5. Be Consistent
Children typically love ritual and tradition. Whatever philanthropic practices you decide to adopt, make them regular practices – e.g., “adopting” a family gift giving each Christmas through a social service agency, help prepared meals at the homeless shelter. Do involve the children in the selection as a family together. Once these are in place, it’ll be on auto pilot that is expected.
6. Emphasize the Joy in Giving
Remember Make it Simple, Keep it Fun! Let your children see the joy it brings to be of service to others. Help them find a cause or an organization they can get excited about supporting. Teaching your children the joy of giving is handing them the key to a healthier, happier life.
As parents we worry; it’s in our job description. We worry about whether or not our kids will get good grades, get accepted into that top-tier college, and pick themselves up after they’ve fallen. On some level, in our eyes, our kids are still little 4-year-old children still learning to walk and that is something that will never leave us.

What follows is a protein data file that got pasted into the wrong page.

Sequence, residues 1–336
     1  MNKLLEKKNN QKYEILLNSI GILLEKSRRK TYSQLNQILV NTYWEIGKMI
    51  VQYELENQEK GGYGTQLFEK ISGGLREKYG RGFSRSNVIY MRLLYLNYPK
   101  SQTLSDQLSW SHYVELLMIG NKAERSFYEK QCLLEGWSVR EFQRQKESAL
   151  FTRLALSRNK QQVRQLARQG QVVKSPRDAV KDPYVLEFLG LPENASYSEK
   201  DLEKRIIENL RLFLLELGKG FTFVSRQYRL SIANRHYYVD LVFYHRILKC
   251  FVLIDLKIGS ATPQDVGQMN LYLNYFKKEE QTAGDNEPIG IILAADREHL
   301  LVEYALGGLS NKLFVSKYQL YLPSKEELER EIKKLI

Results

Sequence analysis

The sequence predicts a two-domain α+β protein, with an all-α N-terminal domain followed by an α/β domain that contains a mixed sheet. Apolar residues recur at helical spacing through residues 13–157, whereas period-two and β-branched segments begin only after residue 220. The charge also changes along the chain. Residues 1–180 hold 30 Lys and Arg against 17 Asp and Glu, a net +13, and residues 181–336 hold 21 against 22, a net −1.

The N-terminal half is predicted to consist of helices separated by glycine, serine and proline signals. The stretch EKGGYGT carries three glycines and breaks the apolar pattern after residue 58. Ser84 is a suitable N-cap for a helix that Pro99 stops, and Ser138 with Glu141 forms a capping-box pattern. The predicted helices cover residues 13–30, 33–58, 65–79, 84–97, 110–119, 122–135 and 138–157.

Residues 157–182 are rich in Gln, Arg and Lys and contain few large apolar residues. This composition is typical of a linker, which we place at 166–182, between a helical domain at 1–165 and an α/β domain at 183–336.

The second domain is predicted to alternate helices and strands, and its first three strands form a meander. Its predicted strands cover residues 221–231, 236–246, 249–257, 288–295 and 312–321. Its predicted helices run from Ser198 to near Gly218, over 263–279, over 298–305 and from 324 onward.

But life is so much more than those little worries. Watching my children give back to the community even now is a joy that has no price tag, has no expiration date, and will continue to make me proud every day I see them. It could be something as simple as my son coming home to tell me he bought a homeless man lunch, or being able to freely call up my daughter because I need help on a fundraising project, teaching our children how to give is the greatest investment you can make.
Vivan Chan’s Profile ~
Vivian Chan and her husband Stephen have four children, two boys and two girls age range from 18 to 31 years old.